DALLAS -- Benjamin Franklin famously wrote, “An ounce of prevention is worth a pound of cure.” It’s true—stopping something bad from happening is easier than fixing it later. This is the core concept behind the U.S. Environmental Protection Agency’s (EPA) pollution prevention efforts. Reducing the amount of pollution produced means less waste to control, treat, or dispose of.
Pollution prevention (P2), also called source reduction, is any practice that reduces, eliminates, or prevents pollution at its source. EPA has emphasized P2 for 25 years, starting with the Pollution Prevention Act of 1990. That law tasked EPA with establishing a grant program to teach state and local governments and businesses about the benefits of P2, laying the foundations of today’s sustainability movement.
Many of EPA’s programs contribute to P2. Agency grants support state programs that help businesses seeking source-reduction opportunities, such as funding for developing P2 plans and training for source-reduction techniques. The Toxic Release Inventory collects information to track industry progress in reducing waste generation and moving toward safer waste-management alternatives. EPA also promotes P2 awareness during Pollution Prevention Week and year-round with the P2 Information Clearinghouse.
EPA also supports several voluntary programs to assist businesses, organizations, communities, and consumers in “greening” their processes and increasing their sustainability. From environmental management systems to the Green Chemistry and Safer Choice programs, EPA resources can help many groups in achieving their P2 goals.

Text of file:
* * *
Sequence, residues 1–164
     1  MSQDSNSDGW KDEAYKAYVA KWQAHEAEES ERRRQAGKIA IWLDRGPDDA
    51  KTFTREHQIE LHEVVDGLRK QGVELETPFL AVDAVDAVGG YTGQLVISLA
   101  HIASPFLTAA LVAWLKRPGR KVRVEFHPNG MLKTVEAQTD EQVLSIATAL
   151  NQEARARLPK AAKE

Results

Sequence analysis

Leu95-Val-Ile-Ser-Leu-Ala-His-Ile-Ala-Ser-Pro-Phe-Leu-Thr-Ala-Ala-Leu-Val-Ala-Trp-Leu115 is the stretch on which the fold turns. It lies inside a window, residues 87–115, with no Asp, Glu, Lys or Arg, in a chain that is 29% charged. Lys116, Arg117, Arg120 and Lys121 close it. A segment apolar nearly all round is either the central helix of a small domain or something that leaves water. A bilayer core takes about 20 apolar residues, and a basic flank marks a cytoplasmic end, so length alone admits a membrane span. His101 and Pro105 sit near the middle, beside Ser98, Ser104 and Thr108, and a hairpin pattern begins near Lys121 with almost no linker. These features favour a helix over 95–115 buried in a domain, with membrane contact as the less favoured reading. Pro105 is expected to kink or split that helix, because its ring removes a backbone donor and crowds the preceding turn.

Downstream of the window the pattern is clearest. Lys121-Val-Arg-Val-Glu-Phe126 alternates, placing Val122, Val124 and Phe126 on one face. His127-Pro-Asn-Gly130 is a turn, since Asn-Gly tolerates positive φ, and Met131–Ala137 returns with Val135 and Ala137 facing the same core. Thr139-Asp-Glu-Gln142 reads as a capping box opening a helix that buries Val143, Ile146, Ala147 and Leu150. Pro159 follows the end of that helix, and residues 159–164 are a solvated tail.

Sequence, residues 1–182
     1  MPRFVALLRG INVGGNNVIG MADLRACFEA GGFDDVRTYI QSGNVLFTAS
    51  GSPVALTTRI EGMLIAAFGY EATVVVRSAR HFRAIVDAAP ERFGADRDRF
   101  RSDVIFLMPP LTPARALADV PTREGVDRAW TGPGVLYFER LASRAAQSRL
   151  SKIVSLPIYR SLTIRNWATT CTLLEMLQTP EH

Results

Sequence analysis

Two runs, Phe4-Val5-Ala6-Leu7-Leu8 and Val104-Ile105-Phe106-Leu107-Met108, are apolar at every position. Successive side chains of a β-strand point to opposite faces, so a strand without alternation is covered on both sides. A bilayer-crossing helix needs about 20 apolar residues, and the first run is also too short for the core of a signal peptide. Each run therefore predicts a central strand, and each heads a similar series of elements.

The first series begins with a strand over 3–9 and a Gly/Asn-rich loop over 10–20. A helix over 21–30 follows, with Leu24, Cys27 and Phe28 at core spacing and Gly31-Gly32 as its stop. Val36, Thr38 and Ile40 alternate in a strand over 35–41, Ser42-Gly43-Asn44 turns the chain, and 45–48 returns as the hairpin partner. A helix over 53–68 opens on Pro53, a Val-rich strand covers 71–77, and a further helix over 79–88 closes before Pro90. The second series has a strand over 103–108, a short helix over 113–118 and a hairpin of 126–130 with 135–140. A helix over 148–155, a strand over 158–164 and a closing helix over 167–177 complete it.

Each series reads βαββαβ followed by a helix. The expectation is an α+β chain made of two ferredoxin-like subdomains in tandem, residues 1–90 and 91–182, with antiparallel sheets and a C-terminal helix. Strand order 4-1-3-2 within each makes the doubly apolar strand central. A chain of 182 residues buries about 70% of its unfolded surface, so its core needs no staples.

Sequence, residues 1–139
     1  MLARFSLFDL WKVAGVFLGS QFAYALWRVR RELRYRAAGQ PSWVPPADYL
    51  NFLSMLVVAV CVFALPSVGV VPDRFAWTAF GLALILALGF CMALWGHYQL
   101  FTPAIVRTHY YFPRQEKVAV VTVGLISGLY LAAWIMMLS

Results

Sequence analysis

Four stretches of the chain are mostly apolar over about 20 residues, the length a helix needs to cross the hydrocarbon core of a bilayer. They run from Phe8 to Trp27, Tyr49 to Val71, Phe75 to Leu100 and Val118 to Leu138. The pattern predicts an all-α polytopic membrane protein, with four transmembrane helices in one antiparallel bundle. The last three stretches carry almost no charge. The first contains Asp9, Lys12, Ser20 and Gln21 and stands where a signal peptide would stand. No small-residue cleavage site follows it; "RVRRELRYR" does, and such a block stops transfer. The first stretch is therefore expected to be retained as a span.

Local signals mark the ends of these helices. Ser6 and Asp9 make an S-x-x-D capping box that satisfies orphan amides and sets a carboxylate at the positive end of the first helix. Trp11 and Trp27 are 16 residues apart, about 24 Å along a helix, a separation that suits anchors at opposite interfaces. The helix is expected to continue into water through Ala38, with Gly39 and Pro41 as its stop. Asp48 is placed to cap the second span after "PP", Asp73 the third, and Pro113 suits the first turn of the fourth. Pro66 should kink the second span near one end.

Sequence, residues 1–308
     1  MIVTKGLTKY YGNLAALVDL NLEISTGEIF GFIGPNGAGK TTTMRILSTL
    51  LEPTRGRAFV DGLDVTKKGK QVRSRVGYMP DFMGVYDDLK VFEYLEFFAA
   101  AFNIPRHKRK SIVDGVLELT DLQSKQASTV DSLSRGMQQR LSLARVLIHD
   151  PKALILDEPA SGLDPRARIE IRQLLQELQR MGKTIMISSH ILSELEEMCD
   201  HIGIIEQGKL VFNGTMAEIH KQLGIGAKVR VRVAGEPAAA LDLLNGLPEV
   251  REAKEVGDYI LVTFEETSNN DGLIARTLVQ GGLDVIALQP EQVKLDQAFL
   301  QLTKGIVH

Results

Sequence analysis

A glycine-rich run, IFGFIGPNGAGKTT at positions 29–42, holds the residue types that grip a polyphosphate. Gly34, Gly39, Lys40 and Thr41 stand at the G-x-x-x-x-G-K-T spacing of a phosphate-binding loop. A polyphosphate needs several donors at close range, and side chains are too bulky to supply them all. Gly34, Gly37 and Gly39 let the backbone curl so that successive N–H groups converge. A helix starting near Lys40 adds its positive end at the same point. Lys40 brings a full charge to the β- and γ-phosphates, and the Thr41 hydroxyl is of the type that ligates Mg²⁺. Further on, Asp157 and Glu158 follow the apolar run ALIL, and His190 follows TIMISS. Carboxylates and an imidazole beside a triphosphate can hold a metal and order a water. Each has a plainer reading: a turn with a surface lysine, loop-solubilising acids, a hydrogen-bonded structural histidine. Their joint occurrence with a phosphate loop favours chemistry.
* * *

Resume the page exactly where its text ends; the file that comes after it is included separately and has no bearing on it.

Individuals can prevent pollution, too. Whether at home, shopping, or on the road, anyone can make pollution prevention choices every day to protect the environment, save money, and conserve natural resources. Find tips for using P2 practices here: http://www2.epa.gov/p2/what-you-can-do-about-pollution-prevention
Over time, businesses, colleges, and even sports teams have realized that with P2 they can achieve their corporate objectives and help save the environment, all while improving their bottom lines. From clean energy initiatives, like the Clean Power Plan, to programs that promote the use of safer materials, EPA is helping to reduce pollution and make our way of life sustainable for generations to come.
More about pollution prevention: http://www2.epa.gov/p2
More about activities in EPA Region 6: http://www.epa.gov/aboutepa/region6.html